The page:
Mr. LUNGREN. Well, I only have 5 minutes, and the gentleman has had 15, I think, so far.
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Number two, some of the statements suggesting that we had routine torture that somehow causes the rest of the world to respond negatively to us are way over the top. The investigations have shown specific examples of inappropriate activity, criminal activity by individuals, and they're being prosecuted at the present time.
A statement made about the routine desecration of the Koran is absolutely contrary to the facts of the investigation that were shown. And the gentleman, Mr. Zogby's, statements that those kinds of things, that kind of evidence gives us a negative response in the non-U.S. world, the Arab community, the Muslim community, ought to be cautionary to those of us when we look at these sorts of things.
One should look in detail at the report with respect to the instance involving the Koran. And one, I think, would be impressed by the care which is taken by those that at Guantanamo Bay with respect to the protection of religious rights there. And in those specific instances where there have been violations, those have been investigated; action has been taken against those people.
So I just would hope that those on the other side would understand the concerns some of us have about the contours of this particular activity.
Secondly, the Creppy memo is no longer followed by the Administration. We had testimony to that effect by Mr. Comey, testimony to the effect of Mr. Comey that they were trying to do things immediately after 9/11 to try and respond to the risk and the threat as they saw it at that time, but they have made changes, and it is not being followed. That was the direct testimony of Mr. Comey under oath here, and I wish that to be entered into the record.
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And finally, with respect to section 215, let's understand what section 215 is. Section 215 has to be an application to a court that has to make a determination, number one, that it involves a foreign agent; number two, that it is relevant to an investigation against international terrorism or clandestine intelligence activities; number three, that it is not directed against a United States person solely on the basis of activities protected by the first amendment of the Constitution of the United States. All of those things have to be shown to the court. The court has to make a determination that, in fact, those things are present. So the idea that somehow section 215 is being used willy-nilly to go after people merely because they check out books in one particular place or another is just not correct. The court does make those determinations. We have made specific inquiry with respect to that and found that to be the case.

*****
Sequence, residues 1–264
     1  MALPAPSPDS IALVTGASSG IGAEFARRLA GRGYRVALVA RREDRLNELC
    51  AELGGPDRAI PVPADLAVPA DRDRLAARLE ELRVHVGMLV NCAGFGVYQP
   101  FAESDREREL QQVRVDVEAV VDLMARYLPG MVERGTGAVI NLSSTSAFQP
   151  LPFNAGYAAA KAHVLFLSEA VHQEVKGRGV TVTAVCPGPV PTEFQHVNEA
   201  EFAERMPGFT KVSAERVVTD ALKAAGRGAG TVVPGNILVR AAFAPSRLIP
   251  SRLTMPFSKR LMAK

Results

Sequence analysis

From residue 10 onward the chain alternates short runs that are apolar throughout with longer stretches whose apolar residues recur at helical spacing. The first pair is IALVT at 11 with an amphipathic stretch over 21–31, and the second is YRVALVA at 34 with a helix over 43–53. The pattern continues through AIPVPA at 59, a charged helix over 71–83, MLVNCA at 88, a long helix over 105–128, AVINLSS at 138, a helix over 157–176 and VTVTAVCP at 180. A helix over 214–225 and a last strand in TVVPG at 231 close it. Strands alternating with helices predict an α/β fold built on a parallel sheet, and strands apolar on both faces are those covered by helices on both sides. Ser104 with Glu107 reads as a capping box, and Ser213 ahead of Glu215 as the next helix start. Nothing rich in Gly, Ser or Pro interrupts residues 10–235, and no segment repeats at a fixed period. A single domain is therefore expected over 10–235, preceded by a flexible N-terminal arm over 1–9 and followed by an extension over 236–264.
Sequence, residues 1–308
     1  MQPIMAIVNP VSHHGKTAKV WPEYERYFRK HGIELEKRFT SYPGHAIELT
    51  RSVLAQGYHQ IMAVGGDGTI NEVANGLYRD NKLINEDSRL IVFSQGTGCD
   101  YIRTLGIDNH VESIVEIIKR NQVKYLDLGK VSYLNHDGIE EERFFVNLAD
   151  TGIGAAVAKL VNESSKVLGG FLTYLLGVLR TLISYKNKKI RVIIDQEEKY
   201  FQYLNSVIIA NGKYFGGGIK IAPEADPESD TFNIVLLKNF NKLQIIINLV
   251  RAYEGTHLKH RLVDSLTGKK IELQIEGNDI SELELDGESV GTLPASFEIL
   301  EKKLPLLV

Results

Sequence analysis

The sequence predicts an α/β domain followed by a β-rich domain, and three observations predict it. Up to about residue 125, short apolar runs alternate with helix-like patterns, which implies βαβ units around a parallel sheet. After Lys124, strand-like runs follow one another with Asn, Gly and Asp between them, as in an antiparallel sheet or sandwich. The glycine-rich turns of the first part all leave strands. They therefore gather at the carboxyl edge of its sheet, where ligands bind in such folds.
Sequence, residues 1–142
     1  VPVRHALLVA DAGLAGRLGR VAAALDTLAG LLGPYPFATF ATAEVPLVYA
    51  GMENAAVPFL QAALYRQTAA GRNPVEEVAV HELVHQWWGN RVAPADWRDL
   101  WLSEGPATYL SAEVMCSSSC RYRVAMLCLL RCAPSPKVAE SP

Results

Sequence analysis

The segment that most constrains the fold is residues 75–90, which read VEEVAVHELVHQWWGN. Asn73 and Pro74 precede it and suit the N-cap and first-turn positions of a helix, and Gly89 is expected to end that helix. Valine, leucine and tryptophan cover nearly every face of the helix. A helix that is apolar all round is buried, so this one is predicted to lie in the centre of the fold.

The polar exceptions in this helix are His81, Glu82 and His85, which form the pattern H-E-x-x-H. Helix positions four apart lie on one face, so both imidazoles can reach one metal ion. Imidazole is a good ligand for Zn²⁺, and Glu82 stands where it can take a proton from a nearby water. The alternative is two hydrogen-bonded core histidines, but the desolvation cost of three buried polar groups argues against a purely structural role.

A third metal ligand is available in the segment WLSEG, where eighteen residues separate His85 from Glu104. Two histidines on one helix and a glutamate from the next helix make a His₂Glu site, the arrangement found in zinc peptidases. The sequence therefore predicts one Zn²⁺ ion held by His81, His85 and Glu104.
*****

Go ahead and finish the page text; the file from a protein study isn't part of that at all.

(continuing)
And finally, I would just say this: It is patently absurd to create a moral equivalence between the United States and China, Zimbabwe and other countries, as your statement, Mr. Pitts, has suggested. If the suggestion is they need examples to prop up the activities that they engage in versus their citizens, that's patently absurd. The suggestion that somehow, because of the passage of the PATRIOT Act, we are leading those kinds of countries to involve themselves in abuses of other countries is, frankly, I think, seriously amiss.
This Committee has hadactually, Mr. Chairman, we've had 11, not 7, 11 oversight hearings in the Subcommittee and full Committee on the PATRIOT Act. We have gone over section by section by section
Chairman SENSENBRENNER. The gentleman's time has expired.